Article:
The question that some Ukrainian intelligence officers are now asking their American counterparts — as Republicans in the House weigh whether to cut off billions of dollars in aid — is whether the C.I.A. will abandon them. “It happened in Afghanistan before and now it’s going to happen in Ukraine,” a senior Ukrainian officer said.

Referring to Mr. Burns’s visit to Kyiv last week, a C.I.A. official said, “We have demonstrated a clear commitment to Ukraine over many years and this visit was another strong signal that the U.S. commitment will continue.”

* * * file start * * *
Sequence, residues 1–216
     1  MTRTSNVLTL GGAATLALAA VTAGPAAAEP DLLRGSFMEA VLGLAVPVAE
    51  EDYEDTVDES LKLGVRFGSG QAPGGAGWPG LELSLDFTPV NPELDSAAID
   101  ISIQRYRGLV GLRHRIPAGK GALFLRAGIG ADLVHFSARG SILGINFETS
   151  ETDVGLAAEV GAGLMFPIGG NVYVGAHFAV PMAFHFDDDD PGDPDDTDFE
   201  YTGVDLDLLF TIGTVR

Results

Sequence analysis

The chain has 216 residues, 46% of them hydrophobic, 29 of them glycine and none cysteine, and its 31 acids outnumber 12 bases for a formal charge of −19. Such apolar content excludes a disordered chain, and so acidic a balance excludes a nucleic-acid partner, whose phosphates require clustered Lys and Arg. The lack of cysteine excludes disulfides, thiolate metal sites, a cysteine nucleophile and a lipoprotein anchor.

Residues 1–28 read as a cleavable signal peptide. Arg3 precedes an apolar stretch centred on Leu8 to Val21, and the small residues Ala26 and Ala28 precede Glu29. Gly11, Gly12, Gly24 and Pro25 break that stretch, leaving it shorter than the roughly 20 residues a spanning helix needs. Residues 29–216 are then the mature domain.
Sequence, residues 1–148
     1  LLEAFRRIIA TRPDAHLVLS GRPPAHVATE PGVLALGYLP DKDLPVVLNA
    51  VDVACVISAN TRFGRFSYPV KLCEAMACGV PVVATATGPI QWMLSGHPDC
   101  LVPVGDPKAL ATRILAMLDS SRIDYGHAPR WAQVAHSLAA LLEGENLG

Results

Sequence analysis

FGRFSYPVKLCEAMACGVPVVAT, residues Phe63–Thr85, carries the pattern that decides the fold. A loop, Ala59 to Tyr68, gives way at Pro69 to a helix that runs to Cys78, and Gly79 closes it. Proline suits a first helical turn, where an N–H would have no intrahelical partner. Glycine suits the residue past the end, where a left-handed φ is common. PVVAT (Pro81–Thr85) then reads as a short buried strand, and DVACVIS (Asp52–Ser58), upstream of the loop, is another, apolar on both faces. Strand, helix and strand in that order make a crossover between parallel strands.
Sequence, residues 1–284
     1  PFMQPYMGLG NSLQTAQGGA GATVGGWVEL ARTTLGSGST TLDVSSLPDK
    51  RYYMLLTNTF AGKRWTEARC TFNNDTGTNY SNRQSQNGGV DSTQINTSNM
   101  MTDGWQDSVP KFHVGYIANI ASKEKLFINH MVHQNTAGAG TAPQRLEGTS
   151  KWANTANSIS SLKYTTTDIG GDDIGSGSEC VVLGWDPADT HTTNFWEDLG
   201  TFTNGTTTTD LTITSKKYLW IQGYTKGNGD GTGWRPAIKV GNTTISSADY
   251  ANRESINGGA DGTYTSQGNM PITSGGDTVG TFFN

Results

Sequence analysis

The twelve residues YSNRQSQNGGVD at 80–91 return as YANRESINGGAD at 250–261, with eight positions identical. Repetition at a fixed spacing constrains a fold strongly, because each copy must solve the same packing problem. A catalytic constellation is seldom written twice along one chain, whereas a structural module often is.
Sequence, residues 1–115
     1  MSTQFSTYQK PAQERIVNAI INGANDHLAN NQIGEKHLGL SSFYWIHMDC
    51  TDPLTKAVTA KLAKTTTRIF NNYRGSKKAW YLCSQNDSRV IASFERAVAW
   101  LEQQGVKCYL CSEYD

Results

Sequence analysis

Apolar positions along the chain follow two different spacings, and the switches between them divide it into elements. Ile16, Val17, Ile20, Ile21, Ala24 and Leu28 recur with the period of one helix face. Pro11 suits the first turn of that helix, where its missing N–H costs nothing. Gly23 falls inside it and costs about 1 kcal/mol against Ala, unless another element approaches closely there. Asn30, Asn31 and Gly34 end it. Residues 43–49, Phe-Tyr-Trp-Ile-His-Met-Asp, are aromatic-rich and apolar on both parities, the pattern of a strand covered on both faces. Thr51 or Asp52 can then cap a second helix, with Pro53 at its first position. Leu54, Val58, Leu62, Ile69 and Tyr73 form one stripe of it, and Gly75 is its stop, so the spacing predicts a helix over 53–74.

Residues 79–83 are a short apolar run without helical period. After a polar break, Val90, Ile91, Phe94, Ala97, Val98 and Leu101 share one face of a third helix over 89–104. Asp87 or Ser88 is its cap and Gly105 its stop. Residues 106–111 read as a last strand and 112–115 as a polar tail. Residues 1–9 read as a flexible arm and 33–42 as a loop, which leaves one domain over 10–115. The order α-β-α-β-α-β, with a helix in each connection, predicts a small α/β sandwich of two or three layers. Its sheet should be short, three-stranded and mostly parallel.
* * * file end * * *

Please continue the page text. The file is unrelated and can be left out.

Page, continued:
The C.I.A. and the HUR have built two other secret bases to intercept Russian communications, and combined with the 12 forward operating bases, which General Kondratiuk says are still operational, the HUR now collects and produces more intelligence than at any time in the war — much of which it shares with the C.I.A.

“You can’t get information like this anywhere — except here, and now,” General Dvoretskiy said.

Source: The New York Times